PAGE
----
Test Catalog

Test ID: CXLPL    
CXCR4 Mutation Analysis, Somatic, Lymphoplasmacytic Lymphoma/Waldenstrom Macroglobulinemia

Useful For Suggests clinical disorders or settings where the test may be helpful

Prognostication and clinical management of lymphoplasmacytic lymphoma/Waldenstrom macroglobulinemia

Genetics Test Information Provides information that may help with selection of the correct genetic test or proper submission of the test request

This test is intended to detect gene mutations within the C-terminus end of the CXCR4 gene that are commonly found in association with MYD88 L265P mutations in cases of Lymphoplasmacytic Lymphoma/Waldenstrom Macroglobulinemia (LPL/WM).

Clinical Information Discusses physiology, pathophysiology, and general clinical aspects, as they relate to a laboratory test

Lymphoplasmacytic lymphoma/Waldenstrom macroglobulinemia (LPL/WM) is a B-cell lymphoma that is characterized by an aberrant accumulation of malignant lymphoplasmacytic cells in the bone marrow, lymph nodes, and spleen. It is a B-cell neoplasm that can exhibit excess production of serum immunoglobulin-M symptoms related to hyperviscosity, tissue filtration, and autoimmune-related pathology. CXCR4 mutations are identified in approximately 30% to 40% of LPL/WM and are almost always in association with MYD88 L265P, which is highly prevalent in this neoplasm. The status of CXCR4 mutations in the context of MYD88 L265P is clinically relevant as important determinants of clinical presentation, overall survival, and therapeutic response to ibrutinib. A MYD88-L265P/CXCR4-WHIM (C-terminus nonsense/frameshift mutations) molecular signature is associated with intermediate to high bone marrow disease burden and serum IgM levels, less adenopathy, and intermediate response to ibrutinib in previously treated patients; a MYD88-L265P/CXCR4-WT (wild type) molecular signature is associated with intermediate bone marrow disease burden and serum IgM levels, more adenopathy, and highest response to ibrutinib in previously treated patients; and the MYD88-WT/CXCR4-WT molecular signature is associated with inferior overall survival, lower response to ibrutinib therapy in previously treated patients, and lower bone marrow disease burden in comparison to those harboring a MYD88-L265 mutation. This test is used to aid in the prognostication and therapeutic management of LPL/WM.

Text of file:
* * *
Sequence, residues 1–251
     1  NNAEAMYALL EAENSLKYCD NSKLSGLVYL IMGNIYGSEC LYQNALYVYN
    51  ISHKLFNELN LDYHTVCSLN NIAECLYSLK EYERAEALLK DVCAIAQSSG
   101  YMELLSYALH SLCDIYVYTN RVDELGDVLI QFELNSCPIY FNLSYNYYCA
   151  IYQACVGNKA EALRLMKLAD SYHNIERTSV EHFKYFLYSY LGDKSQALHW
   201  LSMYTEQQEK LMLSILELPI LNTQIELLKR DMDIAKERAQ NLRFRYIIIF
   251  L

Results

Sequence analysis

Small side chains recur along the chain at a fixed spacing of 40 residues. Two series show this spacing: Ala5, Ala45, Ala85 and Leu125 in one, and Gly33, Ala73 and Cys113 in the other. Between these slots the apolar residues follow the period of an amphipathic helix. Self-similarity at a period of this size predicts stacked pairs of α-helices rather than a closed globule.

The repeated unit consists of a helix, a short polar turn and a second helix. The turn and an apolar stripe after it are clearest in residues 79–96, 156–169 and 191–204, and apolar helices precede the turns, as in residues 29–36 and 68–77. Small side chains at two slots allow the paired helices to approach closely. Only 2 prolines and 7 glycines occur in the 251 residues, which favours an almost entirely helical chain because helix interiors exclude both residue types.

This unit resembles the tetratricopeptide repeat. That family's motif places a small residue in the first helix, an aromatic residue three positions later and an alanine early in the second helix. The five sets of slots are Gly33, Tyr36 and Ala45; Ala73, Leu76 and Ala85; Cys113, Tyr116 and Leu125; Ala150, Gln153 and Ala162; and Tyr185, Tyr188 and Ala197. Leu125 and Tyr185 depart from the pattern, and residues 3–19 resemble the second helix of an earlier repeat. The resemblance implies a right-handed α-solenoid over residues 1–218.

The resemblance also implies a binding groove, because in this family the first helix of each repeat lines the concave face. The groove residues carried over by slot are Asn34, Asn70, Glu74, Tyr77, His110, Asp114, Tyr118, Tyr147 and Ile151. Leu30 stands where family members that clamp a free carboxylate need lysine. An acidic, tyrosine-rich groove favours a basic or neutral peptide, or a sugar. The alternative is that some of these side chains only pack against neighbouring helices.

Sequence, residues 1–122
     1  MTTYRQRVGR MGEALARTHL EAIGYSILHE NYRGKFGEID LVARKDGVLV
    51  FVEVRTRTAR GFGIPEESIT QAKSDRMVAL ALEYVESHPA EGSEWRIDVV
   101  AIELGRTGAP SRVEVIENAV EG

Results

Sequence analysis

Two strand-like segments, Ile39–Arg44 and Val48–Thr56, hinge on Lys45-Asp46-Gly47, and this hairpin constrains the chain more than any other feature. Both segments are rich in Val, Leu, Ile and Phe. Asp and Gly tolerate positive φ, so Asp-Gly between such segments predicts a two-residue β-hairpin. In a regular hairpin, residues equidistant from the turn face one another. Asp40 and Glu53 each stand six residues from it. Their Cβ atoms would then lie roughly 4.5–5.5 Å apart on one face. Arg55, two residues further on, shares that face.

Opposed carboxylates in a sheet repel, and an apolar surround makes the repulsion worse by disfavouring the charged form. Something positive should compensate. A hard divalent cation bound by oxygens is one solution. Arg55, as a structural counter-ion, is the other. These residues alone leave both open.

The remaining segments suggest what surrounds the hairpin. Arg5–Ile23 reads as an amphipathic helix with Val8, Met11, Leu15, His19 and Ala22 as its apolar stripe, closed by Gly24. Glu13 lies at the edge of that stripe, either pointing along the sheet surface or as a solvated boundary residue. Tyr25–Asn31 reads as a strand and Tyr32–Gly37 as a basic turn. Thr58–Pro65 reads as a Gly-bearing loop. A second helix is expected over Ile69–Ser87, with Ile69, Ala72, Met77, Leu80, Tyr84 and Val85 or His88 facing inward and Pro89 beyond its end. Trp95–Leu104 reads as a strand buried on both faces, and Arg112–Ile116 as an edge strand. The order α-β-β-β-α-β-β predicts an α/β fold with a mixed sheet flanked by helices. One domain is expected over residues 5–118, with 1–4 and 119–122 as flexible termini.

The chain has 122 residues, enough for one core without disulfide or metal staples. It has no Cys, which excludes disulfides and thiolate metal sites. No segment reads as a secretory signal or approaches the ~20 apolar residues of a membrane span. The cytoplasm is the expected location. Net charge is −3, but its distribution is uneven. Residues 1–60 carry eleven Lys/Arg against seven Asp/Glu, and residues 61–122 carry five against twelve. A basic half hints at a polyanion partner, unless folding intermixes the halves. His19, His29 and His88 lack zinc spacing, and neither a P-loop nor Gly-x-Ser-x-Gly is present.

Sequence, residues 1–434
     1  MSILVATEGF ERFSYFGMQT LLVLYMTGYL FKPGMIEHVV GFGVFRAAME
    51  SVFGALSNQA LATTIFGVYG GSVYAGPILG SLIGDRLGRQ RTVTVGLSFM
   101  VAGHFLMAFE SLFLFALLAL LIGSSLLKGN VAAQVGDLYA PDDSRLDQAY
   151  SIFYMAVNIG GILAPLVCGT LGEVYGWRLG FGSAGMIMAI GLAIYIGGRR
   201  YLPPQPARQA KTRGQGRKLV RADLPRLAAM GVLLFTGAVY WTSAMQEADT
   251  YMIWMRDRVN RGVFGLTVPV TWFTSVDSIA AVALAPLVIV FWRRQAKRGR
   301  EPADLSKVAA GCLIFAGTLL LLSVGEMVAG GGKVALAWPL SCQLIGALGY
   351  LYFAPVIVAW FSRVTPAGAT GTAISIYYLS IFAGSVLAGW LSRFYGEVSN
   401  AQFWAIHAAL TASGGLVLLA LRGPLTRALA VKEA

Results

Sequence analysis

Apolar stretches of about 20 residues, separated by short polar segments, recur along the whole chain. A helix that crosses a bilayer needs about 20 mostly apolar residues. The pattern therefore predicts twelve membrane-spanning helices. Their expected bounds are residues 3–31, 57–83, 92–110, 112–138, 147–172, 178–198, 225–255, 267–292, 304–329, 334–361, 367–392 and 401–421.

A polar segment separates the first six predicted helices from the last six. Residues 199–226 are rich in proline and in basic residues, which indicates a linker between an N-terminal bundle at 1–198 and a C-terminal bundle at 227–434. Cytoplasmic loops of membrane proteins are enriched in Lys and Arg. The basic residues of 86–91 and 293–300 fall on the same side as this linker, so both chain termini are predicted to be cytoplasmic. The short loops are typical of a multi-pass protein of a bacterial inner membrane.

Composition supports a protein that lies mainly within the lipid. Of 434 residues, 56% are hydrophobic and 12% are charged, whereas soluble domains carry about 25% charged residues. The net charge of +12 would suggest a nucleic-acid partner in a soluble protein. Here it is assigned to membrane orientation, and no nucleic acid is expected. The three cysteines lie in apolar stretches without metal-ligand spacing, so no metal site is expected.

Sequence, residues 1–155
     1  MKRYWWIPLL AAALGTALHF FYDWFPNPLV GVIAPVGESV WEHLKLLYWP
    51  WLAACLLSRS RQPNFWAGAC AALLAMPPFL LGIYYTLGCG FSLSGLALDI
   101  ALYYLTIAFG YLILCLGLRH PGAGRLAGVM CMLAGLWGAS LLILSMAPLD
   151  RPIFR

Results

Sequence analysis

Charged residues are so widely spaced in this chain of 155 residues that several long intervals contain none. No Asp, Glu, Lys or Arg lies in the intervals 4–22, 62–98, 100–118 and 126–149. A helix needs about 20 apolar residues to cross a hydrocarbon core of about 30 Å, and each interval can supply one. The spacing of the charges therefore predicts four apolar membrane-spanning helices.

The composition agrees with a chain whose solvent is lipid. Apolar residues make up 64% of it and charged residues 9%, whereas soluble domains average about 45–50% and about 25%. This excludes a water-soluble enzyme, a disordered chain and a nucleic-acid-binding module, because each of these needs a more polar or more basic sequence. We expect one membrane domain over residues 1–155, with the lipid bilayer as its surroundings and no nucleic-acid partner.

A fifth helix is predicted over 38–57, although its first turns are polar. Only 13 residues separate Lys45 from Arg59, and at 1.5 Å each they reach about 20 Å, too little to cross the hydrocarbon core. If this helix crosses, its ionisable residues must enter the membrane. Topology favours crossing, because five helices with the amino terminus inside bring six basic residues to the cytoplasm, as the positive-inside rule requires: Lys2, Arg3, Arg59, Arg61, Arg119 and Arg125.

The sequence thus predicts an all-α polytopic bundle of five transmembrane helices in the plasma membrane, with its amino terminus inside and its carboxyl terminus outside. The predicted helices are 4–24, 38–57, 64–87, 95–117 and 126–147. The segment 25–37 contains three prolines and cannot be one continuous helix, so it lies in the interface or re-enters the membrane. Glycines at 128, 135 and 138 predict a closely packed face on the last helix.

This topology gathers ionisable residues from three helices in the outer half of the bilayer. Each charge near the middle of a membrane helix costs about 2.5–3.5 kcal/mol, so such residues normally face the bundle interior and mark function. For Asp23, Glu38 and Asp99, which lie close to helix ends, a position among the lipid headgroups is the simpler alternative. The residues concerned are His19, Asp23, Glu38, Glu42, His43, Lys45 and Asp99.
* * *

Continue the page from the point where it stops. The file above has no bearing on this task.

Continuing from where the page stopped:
Reference Values Describes reference intervals and additional information for interpretation of test results. May include intervals based on age and sex when appropriate. Intervals are Mayo-derived, unless otherwise designated. If an interpretive report is provided, the reference value field will state this.

Mutations present or absent in the test region of the CXCR4 gene (NCBI NM_003467.2, GRCh37).

Interpretation Provides information to assist in interpretation of the test results

Mutations detected or not detected. An interpretive report will be issued.

Cautions Discusses conditions that may cause diagnostic confusion, including improper specimen collection and handling, inappropriate test selection, and interfering substances

This test is a targeted assay for the C-terminus end of the CXCR4 gene only. It examines c.898-1059 of the CXCR4 gene (NCBI NM_003467.2 GRCh37) and does not detect variants outside this region. A 1% analytical sensitivity was established at 50 ng DNA input for the hotspot mutations c.1013C->G/A only, which uses BNAclamped Sanger sequencing and DNA that does not meet the established criteria can lead to false-negative results. In the extremely rare event that a rare polymorphism or indel may occur at the Sanger sequencing primer binding sites, in cis, with a c.1013C->G/A, data can yield a failed result. Routine Sanger sequencing is used to interrogate other mutations in the tested region with a 15% to 20% analytical sensitivity. The analytical sensitivity of the assay can be affected by a variety of factors, including biologic availability (ie, tumor burden), fixation of paraffin-embedded specimens, rare polymorphisms or indels at the primer binding sites, or nonspecific PCR interferences.

Clinical Reference Recommendations for in-depth reading of a clinical nature

1. Hunter ZR, Xu L, Yang G, et al: The genomic landscape of Waldenstrom macroglobulinemia is characterized by highly recurring MYD88 and WHIM-like CXCR4 mutations, and small somatic deletions associated with B-cell Lymphomagenesis. Blood 2014;123(11):1637-1646

2. Landgren O, Tageja N: MYD88 and beyond: novel opportunities for diagnosis, prognosis and treatment in Waldenstrom’s Macroglobulinemia. Leukemia 2014;28:1799-1803

3. Poulain S, Roumier C, Venet-Caillault A, et al: Genomic Landscape of CXCR4 Mutations in Waldenstrom Macroglobulinemia. Clin Cancer Res 2016;22(6):1480-1488

4. Roccaro A, Sacco A, Jimenez C, et al: C1013G/CXCR4 acts as a driver mutation of tumor progression and modulator of drug resistance in lymphoplasmacytic lymphoma. Blood 2014;123(26):4120-4131

5. Schmidt J, Federmann B, Schindler N, et al: MYD88 L265P and CXCR4 mutations in lymphoplasmacytic lymphoma identify cases with high disease activity. Br J Haematol 2015;169:795-803

6. Treon S, Cao Y, Xu L, et al: Somatic mutations in MYD88 and CXCR4 are determinants of clinical presentation and overall survival in Waldenstrom macroglobulinemia. Blood 2014;123(18):2791-2796

7. Treon S, Tripsas C, Meid K, et al: Ibrutinib in previously treated Waldenstrom’s Macroglobulinemia. NEJM 2015;372(15):1430-1440

8. Xu L, Hunter ZR, Tsakmaklis N, et al: Clonal architecture of CXCR4 WHIM-like mutations in Waldenstrom Macroglobulinaemia. Br J Haematol 2016;172:735-744

Special Instructions Library of PDFs including pertinent information and forms related to the test